Angry Exchange Between Military MP, Speaker Mars First Day of Myanmar Charter Debate

By San Yamin Aung 25 February 2020

YANGON—The Speaker of the Union Parliament on Tuesday warned Myanmar military-appointed lawmaker Major General Tin Swe Win “not to misbehave” after the officer started shouting on the floor of Parliament while lodging a complaint against a committee scrutinizing the military’s constitutional amendment proposals.

Military lawmakers began protesting against the committee’s work as soon as the Speaker announced the beginning of the debate on the charter amendment bills on Tuesday.

Early this month, the Parliament’s Joint Bill Committee scrutinized and combined five constitutional amendment bills submitted by the military and its proxy Union Solidarity and Development Party (USDP) with two bills submitted by the ruling National League for Democracy (NLD) and the ethnic parties. It then sent them back to Parliament for discussion.

Brigadier General Aung San Chit stood up first and complained that copies of the combined proposed constitutional amendments distributed to lawmakers were missing one of his proposals. Brig-Gen Aung San Chit submitted an amendment bill in September 2019 that would see state and regional chief ministers specify the number of ministries and appoint the ministers in state and regional governments, rather than the Union President.

As the bill committee’s secretary, NLD lawmaker Dr. Myat Nyana Soe, was addressing the Speaker, Maj-Gen Tin Swe Win stood up. “The proposal was removed. Look, it is not here any more!” he yelled, without waiting for the Speaker’s permission to make a further complaint. The usual procedure is for MPs to stand and seek permission from the Speaker to raise an objection or add to a statement. But repeated interjections following one statement are not usually allowed.

“This is the Union Parliament. Act and speak with the dignity that befits members of Parliament. If emotions are not contained, it will affect the relationship [between lawmakers]. So, don’t act in such manner and behave so aggressively. I want to remind everyone,” Speaker U T Khun Myat said.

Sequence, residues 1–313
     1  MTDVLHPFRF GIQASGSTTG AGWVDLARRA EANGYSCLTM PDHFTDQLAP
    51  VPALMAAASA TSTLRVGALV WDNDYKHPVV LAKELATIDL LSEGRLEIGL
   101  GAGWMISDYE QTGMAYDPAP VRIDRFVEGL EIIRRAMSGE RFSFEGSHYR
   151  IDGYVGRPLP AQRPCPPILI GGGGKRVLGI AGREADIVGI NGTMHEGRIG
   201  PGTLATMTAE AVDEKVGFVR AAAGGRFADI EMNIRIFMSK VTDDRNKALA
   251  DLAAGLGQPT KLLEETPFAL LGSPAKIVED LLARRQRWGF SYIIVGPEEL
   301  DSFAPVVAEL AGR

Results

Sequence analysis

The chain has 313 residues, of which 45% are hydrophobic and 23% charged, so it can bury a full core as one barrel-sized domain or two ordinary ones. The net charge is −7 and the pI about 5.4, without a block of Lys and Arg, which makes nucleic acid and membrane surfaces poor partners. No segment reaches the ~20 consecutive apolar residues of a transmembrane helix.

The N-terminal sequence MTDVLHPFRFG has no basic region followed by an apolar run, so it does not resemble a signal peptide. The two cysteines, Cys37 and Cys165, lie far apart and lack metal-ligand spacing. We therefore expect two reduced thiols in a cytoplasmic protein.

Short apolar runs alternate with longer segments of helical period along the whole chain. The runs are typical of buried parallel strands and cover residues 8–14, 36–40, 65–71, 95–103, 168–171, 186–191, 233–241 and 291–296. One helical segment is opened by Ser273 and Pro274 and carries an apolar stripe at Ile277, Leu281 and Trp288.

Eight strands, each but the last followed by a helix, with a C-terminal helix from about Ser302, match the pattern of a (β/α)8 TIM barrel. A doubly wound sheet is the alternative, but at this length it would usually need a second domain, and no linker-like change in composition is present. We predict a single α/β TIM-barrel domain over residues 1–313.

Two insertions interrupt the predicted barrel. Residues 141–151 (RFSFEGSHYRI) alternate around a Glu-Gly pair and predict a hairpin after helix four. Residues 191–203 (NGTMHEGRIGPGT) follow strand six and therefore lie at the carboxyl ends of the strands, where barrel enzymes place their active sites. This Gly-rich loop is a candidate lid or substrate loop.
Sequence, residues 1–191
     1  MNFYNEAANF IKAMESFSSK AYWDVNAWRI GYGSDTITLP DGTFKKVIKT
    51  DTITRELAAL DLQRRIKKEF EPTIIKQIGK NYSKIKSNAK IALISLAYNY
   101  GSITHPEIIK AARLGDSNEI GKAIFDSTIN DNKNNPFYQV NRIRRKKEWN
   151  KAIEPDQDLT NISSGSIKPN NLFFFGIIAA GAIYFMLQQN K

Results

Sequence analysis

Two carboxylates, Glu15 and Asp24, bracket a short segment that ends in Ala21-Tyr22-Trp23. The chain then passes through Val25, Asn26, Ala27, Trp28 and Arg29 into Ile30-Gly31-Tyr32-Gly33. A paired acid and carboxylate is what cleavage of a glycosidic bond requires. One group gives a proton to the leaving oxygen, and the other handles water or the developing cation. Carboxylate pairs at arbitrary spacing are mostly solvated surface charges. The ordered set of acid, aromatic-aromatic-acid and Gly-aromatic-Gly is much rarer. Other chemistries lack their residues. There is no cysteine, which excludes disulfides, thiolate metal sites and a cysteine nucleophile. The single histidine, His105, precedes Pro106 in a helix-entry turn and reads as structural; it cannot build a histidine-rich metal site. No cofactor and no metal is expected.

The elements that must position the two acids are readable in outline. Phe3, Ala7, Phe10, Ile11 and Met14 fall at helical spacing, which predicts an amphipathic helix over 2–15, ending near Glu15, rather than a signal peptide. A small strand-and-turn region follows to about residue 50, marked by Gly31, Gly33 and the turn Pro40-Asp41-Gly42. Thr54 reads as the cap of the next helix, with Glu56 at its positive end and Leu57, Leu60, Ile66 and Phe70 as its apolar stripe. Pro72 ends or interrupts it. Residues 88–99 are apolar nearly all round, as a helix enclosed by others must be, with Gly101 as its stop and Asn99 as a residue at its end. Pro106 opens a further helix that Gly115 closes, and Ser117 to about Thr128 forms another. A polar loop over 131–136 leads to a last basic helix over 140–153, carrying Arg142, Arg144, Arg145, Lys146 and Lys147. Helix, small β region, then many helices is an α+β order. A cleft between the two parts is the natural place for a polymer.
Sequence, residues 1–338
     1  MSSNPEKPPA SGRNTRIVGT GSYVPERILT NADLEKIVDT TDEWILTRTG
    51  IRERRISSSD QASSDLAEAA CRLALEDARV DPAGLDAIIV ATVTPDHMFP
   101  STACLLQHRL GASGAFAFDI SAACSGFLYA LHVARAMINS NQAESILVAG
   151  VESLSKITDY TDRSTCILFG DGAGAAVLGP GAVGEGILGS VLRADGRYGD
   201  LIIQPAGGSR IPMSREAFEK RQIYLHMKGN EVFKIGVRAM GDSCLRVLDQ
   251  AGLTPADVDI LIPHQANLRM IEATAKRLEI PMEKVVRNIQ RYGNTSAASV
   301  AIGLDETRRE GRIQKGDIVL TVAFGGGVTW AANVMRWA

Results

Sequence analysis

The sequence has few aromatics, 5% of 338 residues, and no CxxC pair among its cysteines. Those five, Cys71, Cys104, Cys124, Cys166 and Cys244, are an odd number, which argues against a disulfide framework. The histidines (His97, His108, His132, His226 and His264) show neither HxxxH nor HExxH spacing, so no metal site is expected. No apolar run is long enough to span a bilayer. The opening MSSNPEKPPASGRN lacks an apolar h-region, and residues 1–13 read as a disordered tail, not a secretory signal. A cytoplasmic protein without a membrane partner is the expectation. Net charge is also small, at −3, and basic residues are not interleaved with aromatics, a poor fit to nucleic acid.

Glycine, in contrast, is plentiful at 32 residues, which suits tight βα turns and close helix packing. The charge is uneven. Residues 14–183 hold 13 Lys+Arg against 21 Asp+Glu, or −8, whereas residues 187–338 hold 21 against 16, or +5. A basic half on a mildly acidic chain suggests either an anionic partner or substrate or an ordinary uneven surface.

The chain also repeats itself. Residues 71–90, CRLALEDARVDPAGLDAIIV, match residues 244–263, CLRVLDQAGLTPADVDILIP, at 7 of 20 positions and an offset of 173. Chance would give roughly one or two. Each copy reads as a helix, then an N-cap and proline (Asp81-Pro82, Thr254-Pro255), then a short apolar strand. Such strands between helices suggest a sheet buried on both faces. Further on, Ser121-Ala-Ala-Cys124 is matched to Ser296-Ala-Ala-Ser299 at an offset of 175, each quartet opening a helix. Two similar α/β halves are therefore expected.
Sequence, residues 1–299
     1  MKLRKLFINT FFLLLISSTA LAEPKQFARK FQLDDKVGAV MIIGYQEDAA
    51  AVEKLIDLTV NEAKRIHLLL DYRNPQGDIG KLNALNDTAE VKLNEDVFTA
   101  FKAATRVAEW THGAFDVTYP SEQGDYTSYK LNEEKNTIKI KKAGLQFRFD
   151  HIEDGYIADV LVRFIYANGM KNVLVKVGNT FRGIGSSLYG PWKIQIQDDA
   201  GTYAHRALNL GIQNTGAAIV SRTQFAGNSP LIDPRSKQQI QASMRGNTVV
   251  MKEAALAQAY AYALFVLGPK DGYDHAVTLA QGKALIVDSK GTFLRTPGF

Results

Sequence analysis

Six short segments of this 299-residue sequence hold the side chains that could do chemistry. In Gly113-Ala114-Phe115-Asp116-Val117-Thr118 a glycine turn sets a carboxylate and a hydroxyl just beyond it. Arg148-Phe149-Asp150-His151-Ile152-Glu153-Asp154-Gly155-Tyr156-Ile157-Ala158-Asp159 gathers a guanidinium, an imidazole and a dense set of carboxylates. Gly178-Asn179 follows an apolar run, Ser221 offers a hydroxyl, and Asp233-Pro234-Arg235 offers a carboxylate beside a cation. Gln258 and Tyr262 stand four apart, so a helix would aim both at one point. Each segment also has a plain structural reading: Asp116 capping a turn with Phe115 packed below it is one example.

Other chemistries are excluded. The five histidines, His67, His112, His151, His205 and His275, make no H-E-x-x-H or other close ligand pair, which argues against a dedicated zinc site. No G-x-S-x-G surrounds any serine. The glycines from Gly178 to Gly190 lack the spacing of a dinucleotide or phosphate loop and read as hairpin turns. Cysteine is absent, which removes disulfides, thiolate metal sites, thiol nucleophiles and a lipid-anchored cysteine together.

But as the Speaker was reading a copy of the combined amendment bills to check the claim, another attempt was made from within the military lawmakers’ bloc to lodge a complaint.

“Stop that. I am talking now,” he responded, and barred the move. The Speaker then announced that one of the proposed amendments of Brig-Gen Aung San Chit had been “accidently excluded from the copies” and said it would be added and the copies redistributed to Parliament at a later date.

On several occasions in the past the Speaker has had to warn military-appointed lawmakers to act ethically and avoid abusive comments when discussing proposed charter amendments.

In November 2019, the Speaker rebuked four military-appointed lawmakers for remarks deemed insulting to Parliament, saying they could lead to a misunderstanding about the functions of the legislature. A few elected lawmakers were also rebuked over comments deemed abusive during debates over charter change in recent months.

Since the ruling NLD launched its efforts to amend the undemocratic Constitution in late January last year, the Parliament has seen no shortage of clashes between military lawmakers and their USDP allies on one side, and NLD lawmakers and other MPs who are supportive of its push for constitutional reform on the other.

Despite the resistance from the military and USDP, the NLD submitted 114 proposed amendments to the charter, including some that would reduce the proportion of parliamentary seats allocated to the military and remove the military’s effective veto over proposed constitutional changes.

Lawmakers are scheduled to discuss the constitutional amendment proposals from Feb. 25 to March 5. A total of 149 lawmakers—50 each from the military and the NLD, and 49 from ethnic parties—are allowed to take part in the debate.

On Tuesday, 15 lawmakers discussed the proposals.

Proposed amendments to the Constitution cannot pass without military support, as the Constitution requires they be approved by more than 75 percent of lawmakers, 25 percent of whom are appointed by the military.

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